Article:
Thursday, 28 January 2010

A soliloquy

(A court. A judge, middle-aged, tired from overwork. A policeman, fat and bored because he is not paid to care. Clerks whizzing about doing clerky things. The defendant, well-dressed, but bruised.)

The defendant is brought to the stand. He does not sit, but remains upright, and starts speaking

The defendant: Your Honour, as I am sure you know by now, I am a thief. But I wouldn’t like you to get caught up in everything that that word implies. I am not a burglar, who forces his way into a stranger’s house in the middle of the night, and steals the family silver. I am not a pickpocket, whose light, nimble fingers ease the passing traveler of their burdensome wallets. I do not steal the materialistic goods that appeal to these people, who I’m sure have a very good reason for doing so. Not for me, your honour, the pocketbook and wristwatch, the gold ring and diamond necklace. I deal, your honour, in those that have been deemed priceless since the beginning of time, and as such are worthless to the common pilferer. My domain is immaterial; it is the sphere of stolen kisses, of unsure smiles, of red, tear-stained cheeks. My currency does not contain miniatures of Gandhi, or Lincoln, or Mandela. It is far more basic than that. My currency is that of trust, love, joy, and sorrow. I do not deal, your honor, in things. I deal in thoughts, which are far, far more important.

Let me tell you, your honour, that in fact, there is indeed a going rate for love. It is rather easy to find out what the average man is willing to pay for a wife, as long as you go about it the right way. All one needs to do is find out the current amount paid, on average, as alimony in a divorce. Let us first discount, you honour, those millionaires whom we know to be nothing more than thieves such as I. Then one must estimate how much is paid in closed settlements, the results of which are not given out to the public. From there, you honour, it is easy to extrapolate the amount paid by one spouse to another, in the event, the terrible, tragic event, that their love has disappeared like the first snow in winter, gone, but remembered to be far more than it ever really was. But then there is very little, your honour, which one can do to sell one’s love.

Trust, on the other hand, is far more difficult to quantify. Who can say, your honour, how much a friendship is worth? This is, after all, what I am being charged with. The betrayal of trust. I wonder, your honour, how one sets bail on such a matter. Who can say that someone’s trust is worth five, not ten, not three, but five thousand dollars? Surely trust is priceless! But we, as a nation, break that trust every day, do we not? We send spies to infiltrate foreign nations, spies who are us in different clothes, to lie, to cheat, to steal if that is what needs to be done, to safeguard our nation. But in doing so, do they not break the trust of the nation they are in? But they are sanctioned by the government, you honour, to break the trust of not one individual, or three, or ten, but the trust given to them by an entire nation, in the belief, justified or not, that this will help their country. Who are these spies, your honour? Men and women who believe that in some way, they are being James Bond? James Bond is dead, your honour, I know it, and now you do, too. The age of the intrepid secret agent who did things his way are over. Now, spies are carefully told what to do by their superiors, lest they make a mistake, and let slip years of work. There is nothing romantic in spying, your honour, and there is not much in life, either.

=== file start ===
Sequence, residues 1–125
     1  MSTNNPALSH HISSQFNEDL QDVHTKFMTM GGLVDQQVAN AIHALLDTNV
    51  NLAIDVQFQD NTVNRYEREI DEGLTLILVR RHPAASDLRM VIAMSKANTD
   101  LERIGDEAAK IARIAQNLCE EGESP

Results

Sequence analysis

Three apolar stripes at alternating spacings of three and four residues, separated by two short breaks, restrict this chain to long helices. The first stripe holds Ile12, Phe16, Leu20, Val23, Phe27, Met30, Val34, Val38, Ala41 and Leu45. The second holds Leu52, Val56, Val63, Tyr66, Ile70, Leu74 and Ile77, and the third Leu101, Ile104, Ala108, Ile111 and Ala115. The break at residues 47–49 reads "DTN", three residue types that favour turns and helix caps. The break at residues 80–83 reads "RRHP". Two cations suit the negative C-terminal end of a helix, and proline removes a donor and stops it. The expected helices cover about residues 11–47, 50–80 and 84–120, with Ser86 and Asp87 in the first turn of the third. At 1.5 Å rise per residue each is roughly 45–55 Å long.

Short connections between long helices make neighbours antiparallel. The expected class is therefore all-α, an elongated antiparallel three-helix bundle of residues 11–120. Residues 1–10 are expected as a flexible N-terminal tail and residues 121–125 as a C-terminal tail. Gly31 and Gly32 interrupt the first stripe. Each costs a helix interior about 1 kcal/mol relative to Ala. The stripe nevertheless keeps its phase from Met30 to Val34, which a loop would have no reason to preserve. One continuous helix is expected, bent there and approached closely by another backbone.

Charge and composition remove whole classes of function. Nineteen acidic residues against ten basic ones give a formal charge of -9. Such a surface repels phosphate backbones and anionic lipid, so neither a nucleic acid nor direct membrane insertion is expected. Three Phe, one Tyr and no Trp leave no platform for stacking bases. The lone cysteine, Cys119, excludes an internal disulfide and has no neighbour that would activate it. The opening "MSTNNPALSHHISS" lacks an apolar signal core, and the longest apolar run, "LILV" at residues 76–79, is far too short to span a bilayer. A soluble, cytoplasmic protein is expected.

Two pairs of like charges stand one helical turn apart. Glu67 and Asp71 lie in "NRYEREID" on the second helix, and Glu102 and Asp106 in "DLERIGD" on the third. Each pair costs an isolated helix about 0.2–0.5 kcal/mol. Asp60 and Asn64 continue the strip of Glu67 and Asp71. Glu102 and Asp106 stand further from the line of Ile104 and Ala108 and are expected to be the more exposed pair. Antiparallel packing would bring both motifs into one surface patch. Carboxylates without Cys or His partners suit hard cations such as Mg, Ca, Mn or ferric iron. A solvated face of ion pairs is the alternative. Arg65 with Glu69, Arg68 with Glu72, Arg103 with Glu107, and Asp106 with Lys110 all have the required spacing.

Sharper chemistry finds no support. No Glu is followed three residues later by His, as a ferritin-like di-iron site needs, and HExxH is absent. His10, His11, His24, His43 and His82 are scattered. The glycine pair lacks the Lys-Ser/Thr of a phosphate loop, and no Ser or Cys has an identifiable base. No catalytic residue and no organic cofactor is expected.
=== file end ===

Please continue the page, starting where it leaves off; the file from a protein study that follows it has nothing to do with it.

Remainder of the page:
We talk of trust, your honour, and the breaking of trust, but the biggest perpetrators of that crime are running this country. Your honour, politicians abuse their people’s trust on a daily basis. We have come to expect it of them. Any politician who doesn’t act like a backstabbing rattlesnake is treated with more suspicion than any other ten politicians combined. Corruption is now a part of the system; there is no point in trying to change it. The people have simply learned to work with it. They decry it at every opportunity, but the truth, your honour, the truth is that there is not one person in this country willing to take the trouble to change it. That is a fact, and there are no two ways about it. While I certainly do not know how I came to be here, I can be certain of one thing: I am not here because of the law. I pay the law well to look the other way, it is one of the first things those in my line of business learn.

All this talk of why I’m standing here leads us to the reason I was arrested, your honour. I was arrested because I happened to have on my person pictures of a certain lady kissing a certain man. This lady, as you undoubtedly know, your honour, happens to be the wife of one of the senior most ministers of the state. She happened to be kissing, not two hours after she professed her love to me, the head gardener. I would ask you not to doubt me on this, you honour, but simply believe me when I say I was witness to that fact. You will remember, you honour, that I said there is very little one can do to sell one’s love. I happen to be an expert on those rare methods. I have done in many, many times in my life, and I have never felt proud of it. But it is the truth, your honour, and I shall not shy away from it.

I do not pretend to be innocent, your honour. I am who I am, and that is who I am. But before you sentence me, your honour, I would ask you to consider one thing. Am I here because the law was doing its job? Or am I here because the politicians decided it didn’t need to be done unless it affected them personally?

Thank you for your time.

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